Jane Eyre: Love and Liberation

Ariadna Gil as Jane Eyre. Photo © Ros Ribas

Featuring a breathtaking performance by Ariadna Gil, this Catalan theatre adaptation of Charlotte Brontë’s Jane Eyre distances itself from the wild Yorkshire moors, and reimagines the north as an anonymous lobby, with a grand piano and four identical doors, reflected ad infinitum in big mirrors at each end.
Gil plays the lead in a permanent state of fragile defiance; pale and thin in a figure-hugging outfit, she seems always on the edge of overexcitement; behind glittering eyes a fierce intelligence lurks, escaping in bursts in a voice of authority. Not a battered Yorkshire elm then, but a Costa Brava poplar that bends yet resists the coastal wind. And it is in this slight strangeness that this Catalan Eyre expresses that ‘otherness’ so intrinsic to the Brontë’s books.

An Autobiography
Taking on a classic was daunting, says director Carme Portaceli; the 500 page 1847 novel has been sliced down to two hours by Anna Maria Ricart, who lifted key lines in an authentic adaptation, which recognises the need to tell a story. Jane Eyre is an orphan who insults abusive relatives and is sent to a grim boarding school. She becomes a governess at the daunting mansion Thornfield Hall, and falls for its owner, Mr Edward Rochester, a gruff brooding man with a terrible secret hidden in the attic.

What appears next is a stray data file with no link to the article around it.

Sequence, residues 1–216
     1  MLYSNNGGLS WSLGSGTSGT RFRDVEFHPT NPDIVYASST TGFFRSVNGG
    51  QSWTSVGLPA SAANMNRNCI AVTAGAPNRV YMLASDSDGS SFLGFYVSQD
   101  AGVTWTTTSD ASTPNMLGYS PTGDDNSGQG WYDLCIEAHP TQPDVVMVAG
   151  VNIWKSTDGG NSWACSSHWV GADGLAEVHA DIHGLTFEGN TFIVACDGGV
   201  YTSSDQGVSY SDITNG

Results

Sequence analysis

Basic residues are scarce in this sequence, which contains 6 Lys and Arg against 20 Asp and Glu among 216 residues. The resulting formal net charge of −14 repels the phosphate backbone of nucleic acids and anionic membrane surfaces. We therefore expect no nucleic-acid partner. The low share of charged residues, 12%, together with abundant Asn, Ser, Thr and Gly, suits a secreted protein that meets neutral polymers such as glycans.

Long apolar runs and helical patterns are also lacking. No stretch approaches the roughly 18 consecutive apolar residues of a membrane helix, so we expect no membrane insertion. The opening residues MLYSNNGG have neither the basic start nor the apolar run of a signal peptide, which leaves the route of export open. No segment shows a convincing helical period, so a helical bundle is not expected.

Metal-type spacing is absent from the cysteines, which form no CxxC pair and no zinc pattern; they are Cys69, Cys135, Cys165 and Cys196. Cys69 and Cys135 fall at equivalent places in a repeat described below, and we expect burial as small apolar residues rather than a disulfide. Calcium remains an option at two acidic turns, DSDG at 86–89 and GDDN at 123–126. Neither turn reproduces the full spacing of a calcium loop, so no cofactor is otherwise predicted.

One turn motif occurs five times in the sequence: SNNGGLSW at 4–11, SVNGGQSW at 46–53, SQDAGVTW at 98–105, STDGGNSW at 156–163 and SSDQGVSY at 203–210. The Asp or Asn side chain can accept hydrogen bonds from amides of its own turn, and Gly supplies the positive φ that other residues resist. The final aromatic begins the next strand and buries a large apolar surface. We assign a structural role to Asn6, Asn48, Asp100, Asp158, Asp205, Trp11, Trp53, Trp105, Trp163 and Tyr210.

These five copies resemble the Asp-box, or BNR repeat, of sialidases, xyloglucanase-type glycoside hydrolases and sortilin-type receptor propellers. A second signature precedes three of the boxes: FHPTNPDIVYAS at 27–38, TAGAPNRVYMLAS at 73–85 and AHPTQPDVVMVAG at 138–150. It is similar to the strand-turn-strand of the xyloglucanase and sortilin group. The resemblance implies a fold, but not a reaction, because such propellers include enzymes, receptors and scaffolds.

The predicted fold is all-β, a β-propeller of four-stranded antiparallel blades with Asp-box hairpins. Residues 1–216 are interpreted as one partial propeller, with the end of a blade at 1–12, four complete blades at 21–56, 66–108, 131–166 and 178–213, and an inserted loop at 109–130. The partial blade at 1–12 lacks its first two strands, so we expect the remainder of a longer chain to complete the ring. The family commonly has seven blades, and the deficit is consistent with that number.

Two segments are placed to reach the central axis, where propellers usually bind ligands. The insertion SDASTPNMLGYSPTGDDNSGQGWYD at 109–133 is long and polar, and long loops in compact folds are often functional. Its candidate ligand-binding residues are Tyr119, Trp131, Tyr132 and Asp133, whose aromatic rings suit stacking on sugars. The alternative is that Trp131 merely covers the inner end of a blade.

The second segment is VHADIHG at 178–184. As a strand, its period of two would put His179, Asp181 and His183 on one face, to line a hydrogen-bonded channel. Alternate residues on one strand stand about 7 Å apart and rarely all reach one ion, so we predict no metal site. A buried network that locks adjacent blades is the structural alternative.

Layers on Layers
Conflicting forces are at play within and without Jane: between civilisation and nature, love and autonomy. This is key to her ‘restless nature’ that, she states, prove that she and all women are equal to men.
Jane’s emotional landscape is exposed though massive colourful projections (Eugenio Szwarcer, Ignasi Camprodon) depicting recognisable views of the Brontë’s Howarth home painted over in a creative confusion of fiction and fact. And just as incongruous costumes, medieval or modern gothic, are worn by characters, so Gil (who read Elizabeth Gaskell’s biography of Brontë to prepare for her role) plays Eyre in the guise of her narrator: occasionally lifting the character out of the drama to address the audience directly. Brontë herself was in disguise too: adopting the pseudonym ‘Currer Bell’ to get her novel published.

Fiction or Fact
The writer Henry James described a ‘house of fiction’ with a million windows, on which each novelist perceived reality. There’s something of this in the way that Jane/Charlotte constructs her life story; characters appear and disappear as if scripted by her. The one time she leaves the stage, characters lose their coherence and chaos descends.
The play digresses on the novel to explain the story of Bertha, the hysteric in the attic. This detour draws on the 1966 Jane Eyre ‘prequel’ Wide Sargasso Sea by Jean Rhys and makes a troubling interlude, pointing to Rochester’s libertine past.
Happily, though, love wins out in the end: “For this isn’t realism it’s romance,” says Abel Folk, who plays Rochester. Although, it is only when poor Bertha is sacrificed, Rochester blinded and dependent, and Jane suddenly rich, that she accepts her man as her social and intellectual equal!

Jane Eyre – Una Autobiografia
Teatre Lliure – Gràcia
until February 1 2019